Daunting, moving, life-changing. These three words describe the time I had last night. Did I go sky-diving? Did I hear the Dalai Lama speak? No. I watched a movie.
Last night, comrades, I decided to test my emotional waters by watching The Cove, a documentary about the whaling and dolphin industry that keeps Japan's economy afloat. The sushi that I had for dinner was churning in my stomach due to the graphic nature of some of the footage.
Ric O'Barry, the man who trained the dolphins for the Flipper TV series, joined forces with Louie Psihoyos to expose the atrocities that occur in a little fishing town in Japan called Taiji. What I like about the movie is that the documentary explores every facet of dolphin exploitation. It goes from animal rights to mercury poisoning in humans to the corruption within the International Whaling Commission (IWC). The horror, the horror.
After the movie ended, it was hard to leave my seat. Here was a perfect piece of education that was not only informative, but also visually stunning. Apres school, I believe we all find it hard to keep learning. We may watch some documentaries or read something provocative. However, it feels as though the information goes in through one eye/ear and out the other. We have lost the spark of our youth that inspired us to absorb ideas and to create change. Formal exhaustion has already set in.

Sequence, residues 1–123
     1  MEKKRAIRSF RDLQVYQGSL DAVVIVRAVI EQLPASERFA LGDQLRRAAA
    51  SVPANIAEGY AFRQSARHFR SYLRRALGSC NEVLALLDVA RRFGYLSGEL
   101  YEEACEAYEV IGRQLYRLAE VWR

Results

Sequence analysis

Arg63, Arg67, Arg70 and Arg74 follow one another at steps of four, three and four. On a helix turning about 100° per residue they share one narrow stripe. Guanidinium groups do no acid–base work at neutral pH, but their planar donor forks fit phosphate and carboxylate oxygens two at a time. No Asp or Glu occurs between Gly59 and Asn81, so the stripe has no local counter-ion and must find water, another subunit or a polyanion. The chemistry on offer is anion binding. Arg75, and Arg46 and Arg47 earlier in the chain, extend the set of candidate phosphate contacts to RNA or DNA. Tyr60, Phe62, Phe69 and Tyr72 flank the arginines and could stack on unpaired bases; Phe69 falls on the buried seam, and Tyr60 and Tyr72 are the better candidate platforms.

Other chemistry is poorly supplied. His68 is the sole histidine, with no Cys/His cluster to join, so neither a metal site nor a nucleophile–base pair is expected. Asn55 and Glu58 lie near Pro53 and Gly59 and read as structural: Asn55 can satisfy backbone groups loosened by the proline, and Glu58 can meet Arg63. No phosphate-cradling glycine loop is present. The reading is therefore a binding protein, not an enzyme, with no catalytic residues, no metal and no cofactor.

Therefore, if you decide to see this movie, do not hesitate to learn from it. You may not stop eating seafood, but make informed choices about what kind of seafood you eat. Which is the most contaminated? Which has the highest incidence of killing innocent dolphins? Do I really want to take my kids to SeaWorld?
Here is a chart, not unlike many all over the internet, that gives you a list of contaminated seafood.
The bigger picture is this: let's stop watching films, reading books, having active discussions and not do something about it. It's all well and good that now I know what the dolphin industry is like, now let me do my small part to make the change. I'm sick and tired, mostly due to my own guilt, of watching the spark die out. Get informed and stay informed. This is informal education so let's learn from it. Make even the smallest decisions that, like the wings of a butterfly, affect change thousands of miles away.